Monday, November 12, 2007
Trick Shots: Low Light
Discover how high ISOs can improve the quality of your photographs
I'm often hired to photograph live performances of musicians, dancers and actors. It's challenging work, particularly because I don't have the benefit of controlling the lighting. Prohibited in the use of flash, I have to make the most of the existing stage light, which wasn't designed with the photographer in mind.
Stage lighting, even at its best, doesn't provide enough light to shoot at low ISOs, such as 100 or 200. Such a low ISO may result in shutter speeds of 1⁄15 sec. or slower, even when using zoom lenses with a fast maximum aperture of ƒ/2.8. Not only will shooting at such low ISOs result in soft images due to camera motion, but the subjects also will be blurred because the shutter speed is insufficient to freeze their movement.
The choice to increase ISO to 800, 1600 and higher is an easy one for me. I need to get the shot, and I'd prefer to have a "noisy" image that's sharp than a noiseless image that's soft. The former can be fixed later. The latter results in yet another useless image.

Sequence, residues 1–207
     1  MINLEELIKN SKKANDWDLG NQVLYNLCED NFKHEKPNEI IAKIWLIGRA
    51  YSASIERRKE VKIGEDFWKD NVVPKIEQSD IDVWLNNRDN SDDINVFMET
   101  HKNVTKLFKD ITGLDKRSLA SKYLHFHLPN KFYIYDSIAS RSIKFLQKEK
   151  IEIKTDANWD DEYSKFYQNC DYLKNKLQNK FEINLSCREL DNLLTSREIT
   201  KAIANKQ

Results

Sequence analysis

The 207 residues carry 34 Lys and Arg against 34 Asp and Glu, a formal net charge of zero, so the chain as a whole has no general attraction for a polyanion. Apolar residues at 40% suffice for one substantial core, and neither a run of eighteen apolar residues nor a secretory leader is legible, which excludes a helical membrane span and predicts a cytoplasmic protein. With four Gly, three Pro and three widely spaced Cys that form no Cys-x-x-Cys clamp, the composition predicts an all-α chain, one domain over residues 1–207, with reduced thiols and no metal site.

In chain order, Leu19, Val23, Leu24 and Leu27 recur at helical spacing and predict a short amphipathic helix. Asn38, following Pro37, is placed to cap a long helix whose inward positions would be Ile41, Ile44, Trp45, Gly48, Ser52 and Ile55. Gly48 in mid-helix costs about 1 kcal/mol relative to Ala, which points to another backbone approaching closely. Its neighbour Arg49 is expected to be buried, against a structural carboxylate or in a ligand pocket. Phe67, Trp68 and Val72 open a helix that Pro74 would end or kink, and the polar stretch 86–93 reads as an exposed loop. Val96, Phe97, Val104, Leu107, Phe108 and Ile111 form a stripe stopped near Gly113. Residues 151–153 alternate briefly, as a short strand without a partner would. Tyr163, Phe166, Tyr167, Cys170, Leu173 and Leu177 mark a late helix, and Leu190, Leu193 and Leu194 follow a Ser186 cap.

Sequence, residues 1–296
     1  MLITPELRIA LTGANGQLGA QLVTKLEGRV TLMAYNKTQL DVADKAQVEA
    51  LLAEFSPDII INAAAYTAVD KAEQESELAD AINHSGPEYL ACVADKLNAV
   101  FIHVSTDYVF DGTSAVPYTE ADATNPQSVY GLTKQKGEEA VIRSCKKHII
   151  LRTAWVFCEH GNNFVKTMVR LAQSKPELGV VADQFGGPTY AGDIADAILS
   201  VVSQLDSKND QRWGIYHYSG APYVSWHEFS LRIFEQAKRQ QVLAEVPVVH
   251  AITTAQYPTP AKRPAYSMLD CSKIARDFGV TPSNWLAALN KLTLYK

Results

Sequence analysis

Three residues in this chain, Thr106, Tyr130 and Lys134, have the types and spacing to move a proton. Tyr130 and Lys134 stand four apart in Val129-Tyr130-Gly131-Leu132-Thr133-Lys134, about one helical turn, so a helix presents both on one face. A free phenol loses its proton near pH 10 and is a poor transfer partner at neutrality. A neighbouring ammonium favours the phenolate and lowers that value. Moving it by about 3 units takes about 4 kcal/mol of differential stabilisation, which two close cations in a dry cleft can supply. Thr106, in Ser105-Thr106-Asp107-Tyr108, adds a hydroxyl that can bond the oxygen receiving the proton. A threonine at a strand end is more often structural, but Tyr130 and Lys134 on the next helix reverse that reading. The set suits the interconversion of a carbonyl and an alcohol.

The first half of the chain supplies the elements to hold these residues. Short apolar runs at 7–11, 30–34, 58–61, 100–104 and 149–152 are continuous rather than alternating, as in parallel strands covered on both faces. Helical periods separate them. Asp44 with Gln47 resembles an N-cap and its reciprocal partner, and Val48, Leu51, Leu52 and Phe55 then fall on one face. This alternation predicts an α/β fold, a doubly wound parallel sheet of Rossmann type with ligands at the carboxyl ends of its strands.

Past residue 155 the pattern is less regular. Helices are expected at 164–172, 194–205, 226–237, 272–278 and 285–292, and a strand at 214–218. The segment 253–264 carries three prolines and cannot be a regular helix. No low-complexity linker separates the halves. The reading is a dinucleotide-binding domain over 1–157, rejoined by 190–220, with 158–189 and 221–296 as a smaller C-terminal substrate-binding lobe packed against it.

All of the images illustrating this article were shot at an ISO of 800 or higher. The quality of the files was excellent, even before using a noise-reduction application. This is a testament to the camera makers who have made great strides in both the design of their sensors and the image-processing software incorporated into their cameras.
In many of these images, even an ISO of 1600 didn't offer me as fast a shutter speed as I would have liked, particularly when using a fast 70-200mm lens. I was sometimes forced to shoot at 1⁄125 sec., which was viable only because of the lens' image-stabilization feature. But even though the lens' IS technology could counter problems with camera motion, it couldn't help me with the movement of the performers.
It was dependent on me to capture moments when a telling gesture was at its peak. It's a challenge, but one that's made easier by the fact that my camera was set to perform optimally under difficult lighting conditions.
By increasing the camera's ISO, using the fastest shutter speed possible and carefully handholding my camera, I could get consistently sharp results. Though there were certainly images that were soft, I succeeded in producing a greater percentage of photographs that met my criteria for quality.
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